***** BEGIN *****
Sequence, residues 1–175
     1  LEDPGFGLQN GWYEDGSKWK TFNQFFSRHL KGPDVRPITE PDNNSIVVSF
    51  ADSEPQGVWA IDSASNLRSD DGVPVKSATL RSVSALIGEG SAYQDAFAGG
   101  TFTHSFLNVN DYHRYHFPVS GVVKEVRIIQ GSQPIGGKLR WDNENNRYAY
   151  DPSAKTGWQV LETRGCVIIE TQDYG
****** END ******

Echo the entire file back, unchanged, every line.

Sequence, residues 1–175
     1  LEDPGFGLQN GWYEDGSKWK TFNQFFSRHL KGPDVRPITE PDNNSIVVSF
    51  ADSEPQGVWA IDSASNLRSD DGVPVKSATL RSVSALIGEG SAYQDAFAGG
   101  TFTHSFLNVN DYHRYHFPVS GVVKEVRIIQ GSQPIGGKLR WDNENNRYAY
   151  DPSAKTGWQV LETRGCVIIE TQDYG